How do they get this information? Because WINZ has warrantless search powers, originally under s11 Social Security Act 1964, and now under Schedule 6 Social Security Act 2018. Originally these allowed WINZ to demand anyone to provide them with information, documents, and records. In 2018, the current government re-enacted this as part of the rewrite of social security legislation, and added a "duty to answer questions asked by MSD", requiring anyone to answer anything WINZ asked them about beneficiaries or their circumstances. Those familiar with law enforcement search powers may recognise these as akin to a production order and examination order respectively - powers for which the police require judicial approval and (in the latter case) high-level internal signoff. WINZ has no such safeguards on its powers. But despite this, the re-enactment and expansion of the law was found to be consistent with the right against unreasonable search and seizure by the Attorney-General at the time, Chris Finlayson. Sadly, he did not provide his reasoning on that. The select committee which reviewed the bill in 2016 didn't comment on it either, though it's unclear whether that was because they had bigger issues to comment on, or because intrusive search powers hidden away in a schedule didn't attract attention. But either way, Parliament voted for this, contrary to established principles that intrusive search powers require a warrant issued by a judge.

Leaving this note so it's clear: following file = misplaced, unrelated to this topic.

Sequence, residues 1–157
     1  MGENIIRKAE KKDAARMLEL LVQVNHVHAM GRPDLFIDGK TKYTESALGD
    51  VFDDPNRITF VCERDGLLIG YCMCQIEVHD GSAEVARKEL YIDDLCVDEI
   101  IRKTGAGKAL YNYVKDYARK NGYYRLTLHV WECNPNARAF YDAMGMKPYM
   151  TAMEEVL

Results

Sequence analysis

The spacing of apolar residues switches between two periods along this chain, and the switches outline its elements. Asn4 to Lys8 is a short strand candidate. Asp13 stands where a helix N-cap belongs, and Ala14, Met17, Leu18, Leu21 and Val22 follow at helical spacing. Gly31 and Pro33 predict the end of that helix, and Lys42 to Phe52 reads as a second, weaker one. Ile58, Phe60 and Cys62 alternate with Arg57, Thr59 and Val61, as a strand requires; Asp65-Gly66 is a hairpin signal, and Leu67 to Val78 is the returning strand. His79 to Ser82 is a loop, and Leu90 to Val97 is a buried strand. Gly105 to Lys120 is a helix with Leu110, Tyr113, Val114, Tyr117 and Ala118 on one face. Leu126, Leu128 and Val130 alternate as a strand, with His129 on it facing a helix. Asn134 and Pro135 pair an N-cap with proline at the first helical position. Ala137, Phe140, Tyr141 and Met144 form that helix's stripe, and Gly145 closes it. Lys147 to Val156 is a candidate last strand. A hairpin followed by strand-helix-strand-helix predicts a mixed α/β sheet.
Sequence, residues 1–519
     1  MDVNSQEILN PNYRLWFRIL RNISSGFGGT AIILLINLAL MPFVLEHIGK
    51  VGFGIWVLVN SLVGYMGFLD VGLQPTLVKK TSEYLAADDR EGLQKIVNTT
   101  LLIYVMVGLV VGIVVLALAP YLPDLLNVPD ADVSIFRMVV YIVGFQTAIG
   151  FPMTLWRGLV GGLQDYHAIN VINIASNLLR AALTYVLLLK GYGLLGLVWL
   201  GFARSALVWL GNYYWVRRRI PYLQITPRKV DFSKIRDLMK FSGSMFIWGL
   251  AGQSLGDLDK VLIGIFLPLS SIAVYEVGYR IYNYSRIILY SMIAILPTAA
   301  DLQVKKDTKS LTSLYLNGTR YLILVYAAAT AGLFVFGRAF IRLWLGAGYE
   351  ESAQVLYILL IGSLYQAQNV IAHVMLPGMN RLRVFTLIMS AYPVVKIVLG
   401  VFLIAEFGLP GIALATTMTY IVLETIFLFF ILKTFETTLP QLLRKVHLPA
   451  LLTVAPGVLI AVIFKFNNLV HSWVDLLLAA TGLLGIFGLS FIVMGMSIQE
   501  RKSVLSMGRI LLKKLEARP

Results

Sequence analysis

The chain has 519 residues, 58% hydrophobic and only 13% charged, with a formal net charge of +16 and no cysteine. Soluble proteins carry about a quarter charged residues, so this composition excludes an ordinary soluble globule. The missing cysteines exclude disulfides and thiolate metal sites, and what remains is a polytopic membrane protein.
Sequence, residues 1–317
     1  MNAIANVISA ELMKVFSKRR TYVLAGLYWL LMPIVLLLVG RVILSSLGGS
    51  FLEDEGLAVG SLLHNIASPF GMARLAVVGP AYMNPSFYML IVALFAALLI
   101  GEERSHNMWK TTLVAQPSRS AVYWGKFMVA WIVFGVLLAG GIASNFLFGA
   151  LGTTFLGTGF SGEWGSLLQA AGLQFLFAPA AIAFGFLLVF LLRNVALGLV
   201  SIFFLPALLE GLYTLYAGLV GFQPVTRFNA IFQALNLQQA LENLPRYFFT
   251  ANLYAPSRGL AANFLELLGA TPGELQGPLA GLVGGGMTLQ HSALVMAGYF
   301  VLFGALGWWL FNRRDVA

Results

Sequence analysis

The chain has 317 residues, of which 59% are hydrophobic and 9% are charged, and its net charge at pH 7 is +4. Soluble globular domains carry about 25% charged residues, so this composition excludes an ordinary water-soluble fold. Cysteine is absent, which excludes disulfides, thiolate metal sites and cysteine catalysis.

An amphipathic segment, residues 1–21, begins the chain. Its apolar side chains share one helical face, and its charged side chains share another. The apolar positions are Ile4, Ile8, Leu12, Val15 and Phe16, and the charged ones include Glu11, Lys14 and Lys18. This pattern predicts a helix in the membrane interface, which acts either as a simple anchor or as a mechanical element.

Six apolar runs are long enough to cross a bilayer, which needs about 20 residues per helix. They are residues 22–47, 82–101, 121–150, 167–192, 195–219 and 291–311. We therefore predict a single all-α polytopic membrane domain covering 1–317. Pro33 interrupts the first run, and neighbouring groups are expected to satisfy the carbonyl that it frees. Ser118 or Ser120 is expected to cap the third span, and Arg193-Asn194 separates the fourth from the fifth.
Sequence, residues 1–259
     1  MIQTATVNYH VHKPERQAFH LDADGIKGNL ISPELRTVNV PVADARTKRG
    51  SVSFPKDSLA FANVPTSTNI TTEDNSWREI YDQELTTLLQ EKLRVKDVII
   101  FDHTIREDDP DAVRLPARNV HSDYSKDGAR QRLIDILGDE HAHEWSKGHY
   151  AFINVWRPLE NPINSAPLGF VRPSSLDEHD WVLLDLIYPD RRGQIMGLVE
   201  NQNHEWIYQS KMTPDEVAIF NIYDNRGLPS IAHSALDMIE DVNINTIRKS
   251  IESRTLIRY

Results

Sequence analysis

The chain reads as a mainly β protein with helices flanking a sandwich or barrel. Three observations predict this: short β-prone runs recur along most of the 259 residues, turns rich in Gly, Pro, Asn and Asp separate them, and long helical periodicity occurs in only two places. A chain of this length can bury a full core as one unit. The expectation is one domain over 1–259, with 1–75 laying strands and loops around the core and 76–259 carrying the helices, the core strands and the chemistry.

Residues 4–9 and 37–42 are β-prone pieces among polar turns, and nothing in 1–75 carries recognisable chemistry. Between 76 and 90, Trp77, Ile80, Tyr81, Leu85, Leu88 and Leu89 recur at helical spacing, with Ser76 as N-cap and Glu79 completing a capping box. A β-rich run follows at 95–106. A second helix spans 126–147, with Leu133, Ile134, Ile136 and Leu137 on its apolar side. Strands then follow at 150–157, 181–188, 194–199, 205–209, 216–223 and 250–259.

Are the powers intrusive? They are when exercised by police against drug dealers and murderers. And when someone gets to perve through your bank records or your text messages or your emails, or force you to answer questions on pain of punishment, then yes, its intrusive. These powers urgently need judicial surveillance - and if that's inconvenient to WINZ, then tough. It's inconvenient to the police too, to have to convince a judge they have reasonable grounds to suspect an offence has been committed - but we make them jump through that hoop because these powers are ripe for abuse, and we don't trust the gang in blue not abuse them. We should apply the same standard to WINZ as well. Unless, like Chris Finlayson, we're happy for beneficiaries to be treated worse than criminals.

Wednesday, May 15, 2019

Above the law

A big myth in this country is that we are all equal under the law. If someone commits a crime, they get prosecuted, regardless of who they are. We already know that that's a myth when it comes to race and to class - if you are poor and brown you are far more likely to be prosecuted than if you are rich and white, even when the underlying offence is exactly the same. But there's another group who also get special treatment: police officers:

An officer who sped through an 80km/h zone after a fleeing driver should have been charged, the police watchdog says.